I am quite sure that every mayor’s office throughout the state operates in a slightly different, if not totally unique, manner. Certainly, size and population make a huge difference.
Whether being mayor is a full-time job or part-time, like we have in Wilmington, makes a difference. But, the biggest difference would depend on whether the city is led by a mayor or city manager; whether the city operates as a statutory city or a charter city.
Statutory cities operate under the strict guidelines established by the state lawmakers and written into the Ohio Revised Code (state law). The administrative head of a statutory city is always the mayor. However, many cities have chosen to become charter cities.
In a charter city, the residents are presented with a written charter that details how the city will operate. When the charter is approved by a vote of the citizens, it is common that the mayor is replaced as the chief executive with a city manager who is hired by the city council to run the city.
A few weeks ago, I had the honor of serving on a panel of mayors to discuss some of our challenges. We did this in front of a large audience at the Greater Ohio Policy Center summit meeting in Columbus.
I sat with three other mayors — Toledo Mayor Paula Hicks-Hudson, Youngstown Mayor John A. McNally and Dayton Mayor Nan Whaley. We were by far the smallest city represented. It was a lively, interesting panel discussion, but the time we spent together in a private dining room prior to our formal presentation was most interesting.
At that time, the four of us were able to relax, chat and trade stories, bounce ideas around and compare our problems. Interestingly, many of our problems are similar — economic recovery and economic development, shrinking budgets, frustrations with the dwindling support we get from the federal and state government and with the unfunded mandates we get from the state and federal bureaucracy.
But we all agreed that, despite our size differences, one of our biggest problems is related to people, citizens behaving badly, breaking laws and generally, just not getting along with each other.
Neighbors find reasons to get on each other’s nerves whether they live in a large city like Dayton or a much smaller community like Wilmington. Dogs bark. Cat roam and make messes in flower beds. Grass isn’t mowed. Property is not maintained as well as the neighbors would like, and who do they call? The mayor’s office.
We all take our citizens concerns very seriously, but the larger cities have departments who do nothing but deal with citizen’s complaints and problems. In Wilmington, they quite often end up on my desk.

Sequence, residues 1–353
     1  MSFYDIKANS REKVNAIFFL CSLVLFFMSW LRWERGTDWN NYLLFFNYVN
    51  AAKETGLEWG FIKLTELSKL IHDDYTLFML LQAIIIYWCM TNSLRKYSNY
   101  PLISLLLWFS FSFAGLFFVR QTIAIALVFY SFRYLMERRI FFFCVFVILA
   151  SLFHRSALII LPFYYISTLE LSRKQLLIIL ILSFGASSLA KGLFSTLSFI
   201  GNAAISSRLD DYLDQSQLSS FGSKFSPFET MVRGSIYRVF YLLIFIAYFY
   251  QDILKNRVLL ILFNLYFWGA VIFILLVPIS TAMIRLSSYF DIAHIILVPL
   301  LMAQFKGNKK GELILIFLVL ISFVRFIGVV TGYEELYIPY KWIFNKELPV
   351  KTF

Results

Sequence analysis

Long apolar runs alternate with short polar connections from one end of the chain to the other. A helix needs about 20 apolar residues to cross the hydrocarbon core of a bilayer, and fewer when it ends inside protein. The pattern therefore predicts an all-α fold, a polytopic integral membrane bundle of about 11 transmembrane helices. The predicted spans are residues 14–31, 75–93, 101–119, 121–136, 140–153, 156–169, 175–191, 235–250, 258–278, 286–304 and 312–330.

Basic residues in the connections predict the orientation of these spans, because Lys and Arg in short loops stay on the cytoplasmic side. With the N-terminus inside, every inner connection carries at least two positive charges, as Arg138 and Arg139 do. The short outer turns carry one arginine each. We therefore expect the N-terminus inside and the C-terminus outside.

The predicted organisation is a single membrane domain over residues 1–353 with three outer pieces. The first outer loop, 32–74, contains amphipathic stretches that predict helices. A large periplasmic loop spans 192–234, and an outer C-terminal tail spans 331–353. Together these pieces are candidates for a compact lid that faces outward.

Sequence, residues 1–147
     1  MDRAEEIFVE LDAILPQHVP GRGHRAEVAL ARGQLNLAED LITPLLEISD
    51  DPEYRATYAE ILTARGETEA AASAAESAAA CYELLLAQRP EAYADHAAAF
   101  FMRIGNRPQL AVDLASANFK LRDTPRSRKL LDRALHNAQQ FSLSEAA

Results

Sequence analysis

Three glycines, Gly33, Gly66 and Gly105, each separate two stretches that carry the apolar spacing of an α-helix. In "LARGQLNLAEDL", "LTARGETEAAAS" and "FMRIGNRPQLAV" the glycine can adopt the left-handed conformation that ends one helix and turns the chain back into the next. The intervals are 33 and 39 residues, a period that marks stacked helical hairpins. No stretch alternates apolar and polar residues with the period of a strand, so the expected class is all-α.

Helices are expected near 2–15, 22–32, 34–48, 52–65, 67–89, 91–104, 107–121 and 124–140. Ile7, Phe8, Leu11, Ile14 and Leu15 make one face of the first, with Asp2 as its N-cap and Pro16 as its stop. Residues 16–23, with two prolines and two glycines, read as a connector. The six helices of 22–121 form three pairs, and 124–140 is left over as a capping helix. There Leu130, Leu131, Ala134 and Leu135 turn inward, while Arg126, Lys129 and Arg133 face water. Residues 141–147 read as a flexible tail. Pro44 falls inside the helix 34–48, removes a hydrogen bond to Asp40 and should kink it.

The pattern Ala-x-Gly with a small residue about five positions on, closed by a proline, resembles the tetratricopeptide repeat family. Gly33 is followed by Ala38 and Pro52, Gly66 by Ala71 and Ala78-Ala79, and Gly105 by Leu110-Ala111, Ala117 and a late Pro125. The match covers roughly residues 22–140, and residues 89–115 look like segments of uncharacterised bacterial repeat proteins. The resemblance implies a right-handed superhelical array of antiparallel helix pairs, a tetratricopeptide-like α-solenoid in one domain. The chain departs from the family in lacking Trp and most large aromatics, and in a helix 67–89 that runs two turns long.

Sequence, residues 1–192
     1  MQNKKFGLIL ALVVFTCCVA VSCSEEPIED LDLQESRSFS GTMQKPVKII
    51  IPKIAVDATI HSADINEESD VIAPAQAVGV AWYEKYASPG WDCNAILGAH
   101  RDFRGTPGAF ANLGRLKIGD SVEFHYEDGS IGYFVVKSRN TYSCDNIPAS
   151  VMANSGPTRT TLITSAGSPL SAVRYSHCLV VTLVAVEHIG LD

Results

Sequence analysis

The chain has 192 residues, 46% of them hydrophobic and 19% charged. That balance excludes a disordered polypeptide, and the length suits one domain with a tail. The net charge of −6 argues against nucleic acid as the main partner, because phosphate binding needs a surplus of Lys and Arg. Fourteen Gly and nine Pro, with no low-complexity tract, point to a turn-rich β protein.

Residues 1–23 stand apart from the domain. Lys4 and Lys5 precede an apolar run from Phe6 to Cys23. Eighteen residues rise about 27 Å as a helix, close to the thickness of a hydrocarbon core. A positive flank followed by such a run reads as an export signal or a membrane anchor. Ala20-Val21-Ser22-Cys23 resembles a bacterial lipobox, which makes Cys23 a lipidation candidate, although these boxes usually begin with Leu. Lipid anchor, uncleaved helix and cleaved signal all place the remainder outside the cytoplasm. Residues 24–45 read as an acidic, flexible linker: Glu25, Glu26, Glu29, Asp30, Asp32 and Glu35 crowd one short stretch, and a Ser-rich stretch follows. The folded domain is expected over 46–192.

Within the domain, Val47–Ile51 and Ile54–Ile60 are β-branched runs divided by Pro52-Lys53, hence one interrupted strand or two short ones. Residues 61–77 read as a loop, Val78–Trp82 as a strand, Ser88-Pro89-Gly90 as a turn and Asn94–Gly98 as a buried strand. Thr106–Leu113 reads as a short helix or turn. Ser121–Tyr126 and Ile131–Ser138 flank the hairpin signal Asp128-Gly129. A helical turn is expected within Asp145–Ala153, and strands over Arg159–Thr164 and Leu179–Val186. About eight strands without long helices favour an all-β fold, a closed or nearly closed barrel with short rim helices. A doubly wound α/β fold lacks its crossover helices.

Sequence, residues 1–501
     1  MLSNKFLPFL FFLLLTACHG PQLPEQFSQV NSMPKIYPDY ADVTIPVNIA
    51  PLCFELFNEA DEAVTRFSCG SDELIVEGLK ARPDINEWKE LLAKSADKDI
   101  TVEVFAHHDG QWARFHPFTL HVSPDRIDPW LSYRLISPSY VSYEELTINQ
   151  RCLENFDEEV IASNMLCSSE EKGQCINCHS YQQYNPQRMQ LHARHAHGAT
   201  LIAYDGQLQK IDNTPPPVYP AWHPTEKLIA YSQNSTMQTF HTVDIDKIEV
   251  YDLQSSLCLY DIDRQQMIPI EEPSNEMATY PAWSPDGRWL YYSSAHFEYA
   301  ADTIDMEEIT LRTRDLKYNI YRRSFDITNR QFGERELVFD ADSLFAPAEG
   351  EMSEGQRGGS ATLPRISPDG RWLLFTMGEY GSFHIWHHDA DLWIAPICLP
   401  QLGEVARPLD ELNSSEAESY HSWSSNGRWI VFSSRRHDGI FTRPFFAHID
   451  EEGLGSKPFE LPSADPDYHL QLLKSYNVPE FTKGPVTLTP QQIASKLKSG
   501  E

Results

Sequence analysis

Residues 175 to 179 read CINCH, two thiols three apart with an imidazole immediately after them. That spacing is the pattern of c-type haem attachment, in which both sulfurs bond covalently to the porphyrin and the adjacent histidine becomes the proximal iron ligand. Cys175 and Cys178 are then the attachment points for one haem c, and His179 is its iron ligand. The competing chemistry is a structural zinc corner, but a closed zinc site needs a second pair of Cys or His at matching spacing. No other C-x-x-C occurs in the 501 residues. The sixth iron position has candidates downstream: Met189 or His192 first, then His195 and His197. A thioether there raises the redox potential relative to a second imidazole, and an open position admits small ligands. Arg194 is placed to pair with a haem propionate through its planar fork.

I have an outstanding staff of two who handle just about everything. In the office, Brenda and Andrea do an excellent job of answering calls and solving problem presented by citizens, but often the citizen wants the mayor to know about an issue and wants the mayor to help solve the problem. That’s when I get sticky notes.
To make sure I don’t miss the message, they will put the sticky note on my office chair. A typical day will find three or four notes stuck to my chair. If I’m away for a day or two and it’s a particularly busy week, I come back to find my chair looking like a bulletin board filled with notes, reminders, complaints and concerns.
I love it when my chair looks busy, but sometimes it can be quite frustrating.
The Toledo mayor has a full staff to help. The Dayton mayor has a whole department to solve problems, but here I have two assistants and a chair.
We do our best, but at times we get behind. If you have ever called city hall to talk with the mayor and I haven’t returned your call… I apologize. It wasn’t Andrea’s fault or Brenda’s fault. It wasn’t even my chair’s fault. It was my fault.
We always encourage neighbors to talk with each other and to work out their own problems. Some problems, especially if they are driven by personality conflicts, cannot be solved by the city.
Unfortunately, sometimes we have to advise people to contact an attorney; to get the courts involved.
Unfortunately, solving problems, is not always as easy as pealing a sticky note off of a chair. I wish it was.
Randy Riley is Mayor of Wilmington.